I can still see him in my mind’s eye, his trademark shaven skull shining in the lights as he jogged down the aisle to the ring, the crowd cheering every step. The anticipation was palatable. You knew that if Bennie Briscoe was on the card, you were going to see a real fight. Somebody was going to be hurt … Bennie was my favorite fighter. Not the best I’ve seen, but my favorite, nonetheless. For me, he was the strongest symbol of the wonderful decade of the 1970s when Philadelphia boxing was basking in the rays of its last golden era.

It should also come as no surprise to those who appreciate artistic accomplishment in all its varied forms that Nigel, before turning his full attention to the sweet science, was temporarily a student at the Pennsylvania Academy of Fine Arts, in part because of a submission for enrollment that was a relatively crude reproduction of a Boxing Illustrated cover of a fight between Gene Fullmer and Dick Tiger. To the eternal betterment of boxing, the would-be artist proved far more adept with a note-taking pen in his grasp than a paint brush.

Artists living eccentric and often selfish lives are pretty much the norm. The truth is that in the long run, it’s the art that really matters, not the person who created it. Like boxers, artists sacrifice body and soul in pursuit of their aspirations. They couldn’t stop if they wanted to.

And this, Nigel’s very cultured impression of the three-act passion play that was the Arturo Gatti-Micky Ward archrivalry: Taken as a whole, the melodrama that was the Gatti-Ward trilogy could very well provide fodder for Euripides, Sophocles and their brethren, the guys who left the toga parties long enough to write Greek tragedies. Surely Shakespeare could do it justice.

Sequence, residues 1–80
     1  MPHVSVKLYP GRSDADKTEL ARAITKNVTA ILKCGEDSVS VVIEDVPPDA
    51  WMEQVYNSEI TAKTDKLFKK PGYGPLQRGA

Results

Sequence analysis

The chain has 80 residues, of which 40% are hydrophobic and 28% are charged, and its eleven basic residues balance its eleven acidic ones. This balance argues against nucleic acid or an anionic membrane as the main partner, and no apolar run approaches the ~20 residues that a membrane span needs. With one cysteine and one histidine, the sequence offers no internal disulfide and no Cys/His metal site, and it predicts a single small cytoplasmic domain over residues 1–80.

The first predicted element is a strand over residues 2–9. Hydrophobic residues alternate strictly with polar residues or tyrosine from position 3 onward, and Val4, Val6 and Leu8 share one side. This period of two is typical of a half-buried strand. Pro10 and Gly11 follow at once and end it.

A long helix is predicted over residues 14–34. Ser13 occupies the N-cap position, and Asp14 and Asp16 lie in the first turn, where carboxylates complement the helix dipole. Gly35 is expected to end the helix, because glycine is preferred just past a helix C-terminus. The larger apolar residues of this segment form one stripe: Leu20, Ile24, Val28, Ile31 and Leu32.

For what it is worth, my third boxing anthology, Championship Rounds, Round 3, will be coming out very soon. Some of the stories contained therein are my versions of ones that appear in Hooking Off the Jab. But Nigel and I are not mathematicians, and I suspect he welcomes, as do I, the chance to emerge victorious in any war of the words. But I have read what he wrote in beating me to the book-release punch, and I’m thinking I could live with a draw.

Bernard Fernandez, named to the International Boxing Hall of Fame in the Observer category with the Class of 2020, was the recipient of numerous awards for writing excellence during his 28-year career as a sports writer for the Philadelphia Daily News. Fernandez’s first book, “Championship Rounds,” a compendium of previously published material, was released in May of last year. The sequel, “Championship Rounds, Round 2,” with a foreword by Jim Lampley, is currently out. The anthology can be ordered through Amazon.com and other book-selling websites and outlets.

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Alexis Rocha KOs Brave but Overmatched George Ashie on DAZN.

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Golden Boy Promotions’ potted their first offering of 2023 at the recently opened YouTube Theater, a 6,000-seat venue situated inside the stadium built to house LA’s two NFL franchises. The main event was a scheduled 12-round welterweight match between Alexis Rocha, a southpaw from nearby Santa Ana and George Ashie, a 38-year-old Ghanaian making his U.S. debut. Ashie was a late substitute for Anthony Young who reportedly suffered a nose injury in training. The match and supporting bouts were live-streamed on DAZN.

Ashie, who was fighting above his normal weight class and carried a career-high 146 pounds, was brave but out-gunned. Rocha knocked him down in the third frame with a right hook and hurt him several more times as the fight progressed although Ashie never stopped trying. In round six, an accidental clash of heads left Rocha with a nasty cut on his left eyebrow. He fought with more urgency after this incident and knocked Ashie out cold in the next round. The official time was 2:08 of round seven.

It was the fifth straight win for Rocha who improved his ledger to 22-1 (14 KOs). After the bout, he expressed an interest in fighting Terence Crawford. Ashie fell to 33-6-1 (25).

Other Bouts of Note